Disgraced former teacher and hockey coach Glenn Stranex avoids prison

Disgraced Co Down teacher Glenn StranexDisgraced Co Down teacher Glenn Stranex
Disgraced Co Down teacher Glenn Stranex
Disgraced former teacher and hockey coach Glenn Stranex avoided being sent to prison on Wednesday after appearing in court on a series of sex offences.

The 53-year old children’s author, ex-teacher and hockey coach was placed under probation for three years for offences including child cruelty and voyeurism.

In addition, the Co Down man was made the subject of a Sexual Offences Prevention Order for five years which bans him from working with children, and he will also be on the Sex Offenders Register for the same period.

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Judge Stephen Fowler told Stranex: “You will never teach again, and your good character and upstanding in the community has been destroyed.”

Stranex, from Cairnsville Road in Bangor, originally faced 17 charges, and despite initially denying these, he pleaded guilty to 11 offences spanning from September 1989 to September 2016, including making and possessing indecent images of children.

A charge of indecently assaulting a young girl was subsequently ‘left on the books.’

A previous hearing at Downpatrick Crown Court, sitting in Belfast, was told Stranex was initially allowed to remain in his post in the North Down primary school where he taught, despite allegations of inappropriate behaviour and physical contact with pupils in the past.

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Prosecuting barrister Laura Ivers said Stranex was reported to police by Social Services in September 2016 and was suspended. The teacher had already been subject to disciplinary proceedings in the past, and had been given a final warning.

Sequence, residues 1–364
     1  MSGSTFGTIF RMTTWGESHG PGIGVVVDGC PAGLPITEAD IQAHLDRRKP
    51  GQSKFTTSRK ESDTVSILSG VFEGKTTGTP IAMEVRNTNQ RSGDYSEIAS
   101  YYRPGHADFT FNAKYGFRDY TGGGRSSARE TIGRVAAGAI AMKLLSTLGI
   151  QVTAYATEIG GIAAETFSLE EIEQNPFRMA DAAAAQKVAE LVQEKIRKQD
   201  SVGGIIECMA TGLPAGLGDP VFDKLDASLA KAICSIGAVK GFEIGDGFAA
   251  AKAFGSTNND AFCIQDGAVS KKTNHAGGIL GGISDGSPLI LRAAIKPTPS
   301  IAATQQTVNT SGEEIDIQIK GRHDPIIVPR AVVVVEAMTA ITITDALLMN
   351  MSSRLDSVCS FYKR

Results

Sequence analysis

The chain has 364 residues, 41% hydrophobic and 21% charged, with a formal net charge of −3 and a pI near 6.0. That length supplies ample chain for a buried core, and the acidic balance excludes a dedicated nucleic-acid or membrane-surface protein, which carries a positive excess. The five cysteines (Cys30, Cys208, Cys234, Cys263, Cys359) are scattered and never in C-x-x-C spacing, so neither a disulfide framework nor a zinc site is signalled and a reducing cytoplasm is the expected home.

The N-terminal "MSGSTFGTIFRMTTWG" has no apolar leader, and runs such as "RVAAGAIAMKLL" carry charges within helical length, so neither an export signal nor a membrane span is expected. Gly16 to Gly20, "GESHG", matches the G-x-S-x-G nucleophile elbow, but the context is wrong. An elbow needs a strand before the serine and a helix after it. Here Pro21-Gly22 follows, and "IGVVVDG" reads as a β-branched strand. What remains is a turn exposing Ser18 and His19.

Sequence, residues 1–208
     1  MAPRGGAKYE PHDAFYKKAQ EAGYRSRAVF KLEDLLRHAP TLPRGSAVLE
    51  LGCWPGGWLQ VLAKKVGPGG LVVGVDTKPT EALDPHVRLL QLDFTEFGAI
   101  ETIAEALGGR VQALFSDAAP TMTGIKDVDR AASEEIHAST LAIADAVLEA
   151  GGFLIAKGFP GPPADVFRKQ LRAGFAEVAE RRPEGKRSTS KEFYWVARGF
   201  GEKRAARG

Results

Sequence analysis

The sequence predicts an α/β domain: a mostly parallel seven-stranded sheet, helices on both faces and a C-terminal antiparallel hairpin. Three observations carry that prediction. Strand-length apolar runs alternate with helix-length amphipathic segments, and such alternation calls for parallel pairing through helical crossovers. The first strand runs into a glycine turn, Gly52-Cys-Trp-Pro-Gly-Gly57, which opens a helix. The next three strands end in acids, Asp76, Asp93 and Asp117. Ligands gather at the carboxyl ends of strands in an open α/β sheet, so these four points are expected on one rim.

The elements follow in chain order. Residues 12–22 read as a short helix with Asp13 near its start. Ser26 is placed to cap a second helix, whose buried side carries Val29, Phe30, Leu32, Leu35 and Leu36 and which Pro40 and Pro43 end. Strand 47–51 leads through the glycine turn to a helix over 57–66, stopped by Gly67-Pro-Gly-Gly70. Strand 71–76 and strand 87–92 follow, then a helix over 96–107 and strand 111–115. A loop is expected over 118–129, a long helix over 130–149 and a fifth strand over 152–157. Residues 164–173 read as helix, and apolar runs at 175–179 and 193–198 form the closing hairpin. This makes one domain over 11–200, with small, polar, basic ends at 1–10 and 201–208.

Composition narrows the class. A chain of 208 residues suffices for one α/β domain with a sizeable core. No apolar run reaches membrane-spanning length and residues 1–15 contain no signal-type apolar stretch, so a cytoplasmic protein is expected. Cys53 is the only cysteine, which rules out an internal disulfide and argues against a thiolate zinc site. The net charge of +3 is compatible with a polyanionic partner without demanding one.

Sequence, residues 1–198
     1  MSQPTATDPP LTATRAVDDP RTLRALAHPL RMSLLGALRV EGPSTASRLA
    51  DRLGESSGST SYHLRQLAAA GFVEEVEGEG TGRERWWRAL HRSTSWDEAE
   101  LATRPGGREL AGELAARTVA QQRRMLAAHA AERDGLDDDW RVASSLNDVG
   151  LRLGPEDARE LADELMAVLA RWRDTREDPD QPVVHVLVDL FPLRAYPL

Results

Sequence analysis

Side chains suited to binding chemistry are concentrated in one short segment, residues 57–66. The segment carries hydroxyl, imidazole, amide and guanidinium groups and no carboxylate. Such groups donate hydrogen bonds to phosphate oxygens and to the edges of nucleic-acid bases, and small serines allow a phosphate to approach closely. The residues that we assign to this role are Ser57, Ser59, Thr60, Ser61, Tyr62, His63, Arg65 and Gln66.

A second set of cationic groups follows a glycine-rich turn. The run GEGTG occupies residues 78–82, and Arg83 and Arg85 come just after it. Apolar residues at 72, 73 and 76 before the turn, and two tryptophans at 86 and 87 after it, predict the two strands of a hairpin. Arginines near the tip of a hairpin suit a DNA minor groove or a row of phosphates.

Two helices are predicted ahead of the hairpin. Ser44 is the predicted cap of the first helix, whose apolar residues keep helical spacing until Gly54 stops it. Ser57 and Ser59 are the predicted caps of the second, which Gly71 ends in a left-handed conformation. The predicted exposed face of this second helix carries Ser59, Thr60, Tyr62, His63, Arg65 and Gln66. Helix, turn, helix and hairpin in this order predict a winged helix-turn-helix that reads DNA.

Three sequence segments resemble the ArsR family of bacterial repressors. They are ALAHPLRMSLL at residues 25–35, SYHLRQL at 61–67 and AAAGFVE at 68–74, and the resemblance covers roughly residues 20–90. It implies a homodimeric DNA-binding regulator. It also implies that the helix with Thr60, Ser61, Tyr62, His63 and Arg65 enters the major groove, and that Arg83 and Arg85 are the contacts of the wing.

When police searched his classroom and home and took away a number of items, including computers, laptops and hard-drives, Stranex told officers: “I don’t know what to say. I’m sorry”.

Stranex - who coached the Ulster under-16 hockey team and was the youth officer for the under-15 girls - was arrested following statements made by two former female pupils, who complained of inappropriate behaviour by their teacher when they were around nine or ten.

One of the girls said she was called to the front of the class on occasion, where he rested his hand on her bottom and made her feel uncomfortable. He also made her sit in his knee, and touched her over clothing.

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The second complainant said Stranex was overfamiliar with her when she was his pupil, and that he made her play a game where she had to try and kiss him, which made her feel uneasy and uncomfortable.

When police investigated the allegations and searched his home, a number of electronic devices were removed and examined. Amongst a mass of photographs were a small number of indecent images of children - some showing girls in hockey kits in sexual poses.

Further internet searches referenced words such as ‘underage’, ‘pre-teen’ and other associated terms.

The voyeurism charge stemmed from images of a young female undressing in an upstairs room. Stranex later claimed he had been taking “pictures of the moon and the images resulted from his efforts to refocus the camera”.

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Defence QC Gavan Duffy said that while Stranex’s offending coincided with the “early stages of his career”, he has taught many hundreds of pupils and his offending related to only “two of his pupils”.

His offending amounted, he said, to an “over-tactile familiarity with these girls, which caused them distress”, adding that Stranex had “failed to keep the proper physical boundaries” in their cases.

The defence barrister also revealed his client was a “keen prolific photographer” and that only a “small handful of images” were indecent.

During the sentencing, Judge Fowler spoke of the “protracted period of time” Stranex’s offending spanned, adding it was an abuse of a position of trust.

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Whilst the judge welcomed Stranex’s guilty pleas as this spared the two complainants from coming to court to give evidence, he did note the “distress and emotional upset” his behaviour caused.

Judge Fowler also revealed that since Stranex’s offending became public, his mental health has suffered.